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Date story published: Sunday, February 22, 2004

AUBURN, Ala. -- Rather than a formality, the post-game handshake line was a potential minefield for Kentucky guard Gerald Fitch here yesterday. So he protectively held his injured right finger behind his back as he slapped palms and shook hands as a makeshift lefty.

Like a winning politician on election night, Fitch pressed a lot of flesh, albeit carefully. His game-high 18 points, which included a bunch of timely jumpers, led Kentucky to a 68-59 victory over Auburn and no doubt thrilled the 15 family members and friends who traveled from Macon, Ga., to attend the game.

Fitch's performance also personified Kentucky's season of overcoming obstacles. This time the Cats overcame the loss of point guard Cliff Hawkins (foul trouble) and Fitch (an unsettling fall on the injured hand) for a potentially ruinous stretch of the second half.

Fitch left the game with 16:59 left after Auburn's Brandon Robinson put him on the floor in a rebound scrum. Fitch got up slowly and cradled his hand as he walked to the bench.

"I just fell on my knuckle," Fitch said of the injury. It seemed UK's chance to win this nip-and-tuck game departed, too. But, like John Kerry in Iowa, Fitch staged a revival. He hit two clutch jumpers down the stretch to seal the victory, which moved UK to within a game of Mississippi State in the Southeastern Conference regular-season race.

"The extreme pain doesn't stay," Fitch said of his return. "When I got back in the game, I felt it, but it wasn't that extreme pain."

When Auburn closed within 57-53 in the final three minutes, Fitch hit a shake-and-bake jumper over Quinnel Brown.

Then with the lead at 61-55, Auburn left Fitch unguarded and he swished a clinching three-pointer. "I don't know what the defense was thinking about," point guard Cliff Hawkins said of an unchallenged Fitch shot. "You can't leave a guy who shoots that well open."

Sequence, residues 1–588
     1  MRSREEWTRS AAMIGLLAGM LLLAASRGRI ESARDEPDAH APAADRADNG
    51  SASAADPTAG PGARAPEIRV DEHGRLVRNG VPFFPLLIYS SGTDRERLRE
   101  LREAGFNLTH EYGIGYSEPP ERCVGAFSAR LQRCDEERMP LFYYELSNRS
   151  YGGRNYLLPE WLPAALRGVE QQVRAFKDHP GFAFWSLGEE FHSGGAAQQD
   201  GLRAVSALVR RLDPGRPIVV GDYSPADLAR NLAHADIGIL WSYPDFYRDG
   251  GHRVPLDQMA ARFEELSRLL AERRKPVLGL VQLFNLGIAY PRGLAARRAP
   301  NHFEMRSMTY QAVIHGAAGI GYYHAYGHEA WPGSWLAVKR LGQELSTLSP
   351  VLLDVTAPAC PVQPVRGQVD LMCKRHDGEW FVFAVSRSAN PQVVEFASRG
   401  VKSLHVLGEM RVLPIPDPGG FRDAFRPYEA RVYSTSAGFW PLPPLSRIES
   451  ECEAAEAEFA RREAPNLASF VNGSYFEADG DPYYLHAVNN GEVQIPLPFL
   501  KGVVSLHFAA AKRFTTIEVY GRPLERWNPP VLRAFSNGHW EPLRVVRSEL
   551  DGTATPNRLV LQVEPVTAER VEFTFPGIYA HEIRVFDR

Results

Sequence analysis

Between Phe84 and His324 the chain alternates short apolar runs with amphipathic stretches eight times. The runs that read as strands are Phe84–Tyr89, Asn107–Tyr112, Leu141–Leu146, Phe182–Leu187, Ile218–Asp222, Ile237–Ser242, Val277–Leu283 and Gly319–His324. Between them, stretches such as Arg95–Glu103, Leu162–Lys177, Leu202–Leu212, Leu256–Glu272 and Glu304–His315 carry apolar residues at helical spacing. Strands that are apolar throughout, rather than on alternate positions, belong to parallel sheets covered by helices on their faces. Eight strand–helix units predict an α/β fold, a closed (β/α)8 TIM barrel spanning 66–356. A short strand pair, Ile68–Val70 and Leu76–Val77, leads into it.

Fitch downplayed his latest clutch shooting with a familiar comment. "Like I always say, man, just trying to help my team win," he said.

But Fitch, who played tentatively earlier in the week after sitting out three games because of the injured hand, acknowledged he crossed a mental barrier.

"Just playing with pain," Fitch said. "This was kind of like my first full game back. Being able to play a complete game with pain, that was big, especially the way my mind-set had been with my hand."

UK Coach Tubby Smith noted the concern he felt after Fitch fell to the floor. That made Fitch's return all the sweeter.

"He probably has crossed a threshold," said Smith, who defined this crossing of a mental Rubicon as "If I want to be part of it, I have to suck it up and play."

Kentucky, which improved to 19-4 overall and 9-3 in the SEC, stayed ahead of South Carolina in the Eastern Division race and within striking distance of Mississippi State (10-2 in league play after losing to Alabama yesterday) in the league's overall regular-season race.

Auburn, which saw the season's final two weeks as its last best chance to impress the NCAA Tournament Selection Committee, fell to 13-10 overall and 4-8 in the SEC.

Auburn led most of the first half. Then Fitch rallied Kentucky. Despite the injured hand, his repeated drives got seven free throws (which tied a career high) in eight attempts the first half.

Then with Kentucky struggling again to make perimeter shots, Fitch hit back-to-back three-pointers late in the half. The shots, which came with barely three minutes left, were UK's first baskets from outside the paint.

Fitch started the second half, which point guard Hawkins found encouraging. "I knew I had a go-to guy on the perimeter I could call plays for," Hawkins said.

Defense and an advantage inside nudged Kentucky ahead early in the second half. The Cats led by as much as six before an Auburn rally set the stage for Fitch, whose recent absences weighed heavily on Auburn Coach Cliff Ellis' mind.

"We didn't have that bone thrown our way today," Ellis said. "Had he not been there, it might have been different."

Instead, Fitch was there to make the decisive shots.

"That was pretty much the game in a nutshell," teammate Ravi Moss said. "When Gerald hit those, it was over."

The second Fitch jumper, the open three-pointer, had a special place in Moss' mind.

"I knew it was good," he said, "and I knew we were going home with a win."